'It might have been a ploy to avoid signing up for the Nazi Party,' Joachim said. 'I tried that dodge myself, but the reserves wouldn't have me.' He tapped his chest. 'It's my heart. I get these palpitations.'
'So what did you do?'
Joachim shrugged. 'I became a Party member. I had to if I wanted to become a diplomat.'
Conrad couldn't help showing his surprise. Joachim had been a convert to Marxism in the 1920s, several years before it was fashionable in England.
'Don't look so shocked,' said Joachim. 'It doesn't mean anything.'
'Of course it means something,' said Conrad. 'How can you be a member of such a vile organization, even if it is just for the convenience of your career? That's a terrible reason.'
'You're quite right, Conrad,' Joachim said. 'I am a morally corrupted individual who deserves every ounce of your disapproval. But the question is not am I a Nazi, but is Theo one?'
'I doubt it very much,' said Conrad. 'I haven't seen him for years, but he was my closest friend at the university. His views on right and wrong are deeply entrenched. I would be very surprised if he had become a Nazi, a genuine one.' Although when Conrad had spent a month in Berlin in the spring of 1933 just after the Nazis had come to power, Theo had seemed complacent about Hitler. To Conrad's disgust he had said that someone had to bring order back to the country; it was just a pity the new Chancellor was so common and vulgar. As far as Conrad was concerned, the least of Hitler's sins was that he was 'common'. But Conrad couldn't conceive of Theo as a follower of the man.
'That's good to hear,' said Joachim. 'I had made up my mind in Moscow that Theo was the right person to speak to once I got here. After the other night, I thought perhaps I was wrong. But if I trust anyone, I trust you, and if you think he's all right ...'
A group of three girls squeezed past their table. One of them, a tall brunette with a suggestive swing of her hips, paused to ask Conrad for a light. As he obliged, she murmured her thanks, dark eyes under long lashes briefly meeting his, and joined her friends at a table not too far away.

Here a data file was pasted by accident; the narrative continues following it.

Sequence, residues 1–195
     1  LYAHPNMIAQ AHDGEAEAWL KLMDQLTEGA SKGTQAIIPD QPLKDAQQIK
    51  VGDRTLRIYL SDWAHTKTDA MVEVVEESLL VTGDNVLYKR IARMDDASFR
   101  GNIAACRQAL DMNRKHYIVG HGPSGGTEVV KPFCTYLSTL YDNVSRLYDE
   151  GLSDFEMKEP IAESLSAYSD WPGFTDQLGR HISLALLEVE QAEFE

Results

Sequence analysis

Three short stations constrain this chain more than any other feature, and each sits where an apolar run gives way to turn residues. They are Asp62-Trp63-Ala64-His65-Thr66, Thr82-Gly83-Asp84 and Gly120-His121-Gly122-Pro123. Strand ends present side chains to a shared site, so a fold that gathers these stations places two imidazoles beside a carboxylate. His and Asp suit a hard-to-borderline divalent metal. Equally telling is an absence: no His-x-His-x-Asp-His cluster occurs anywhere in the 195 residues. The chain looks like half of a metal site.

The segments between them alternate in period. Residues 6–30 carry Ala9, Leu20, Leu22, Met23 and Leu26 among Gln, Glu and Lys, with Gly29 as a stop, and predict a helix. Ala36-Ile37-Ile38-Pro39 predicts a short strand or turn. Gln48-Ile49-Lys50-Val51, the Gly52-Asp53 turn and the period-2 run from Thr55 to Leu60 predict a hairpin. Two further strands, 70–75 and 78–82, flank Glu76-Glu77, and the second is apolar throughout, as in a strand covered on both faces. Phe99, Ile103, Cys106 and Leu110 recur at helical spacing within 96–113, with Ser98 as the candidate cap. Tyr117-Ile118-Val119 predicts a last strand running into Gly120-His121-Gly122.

'I'm impressed. It's good to see married life hasn't dulled your talents,' Joachim said.
Conrad ignored him. 'Anyway, what did you want to talk to Theo about?'
'Have you heard of General von Fritsch?
'Yes. He was commander-in-chief of the army, wasn't he? Resigned a couple of months ago. Ill health or something?'
Joachim snorted. 'They accused him of being born on the seventeenth of May.'
Conrad frowned. 'I don't understand.'
'Seventeen five. Article 175 of the Penal Code.'
'Is that the one dealing with homosexuality?'
'The very same,' said Joachim. 'I know it well. But the Gestapo were framing him. They had an elaborate story about him picking up a male prostitute at the Potsdamer Station. There was a secret trial in March and von Fritsch was acquitted, but he resigned anyway. I understand that the army is still very upset about it.'
'I never heard about that.'
'Of course not,' said Joachim. 'But it caused quite a stir in the army, or so I am told.'
'And that's what you were talking to Theo about?'
'That. And something else I heard in Moscow, something even more interesting.'
Excerpted from Traitor's Gate by Michael Ridpath. Copyright © 2013 Michael Ridpath. Excerpted by permission of Head of Zeus Ltd.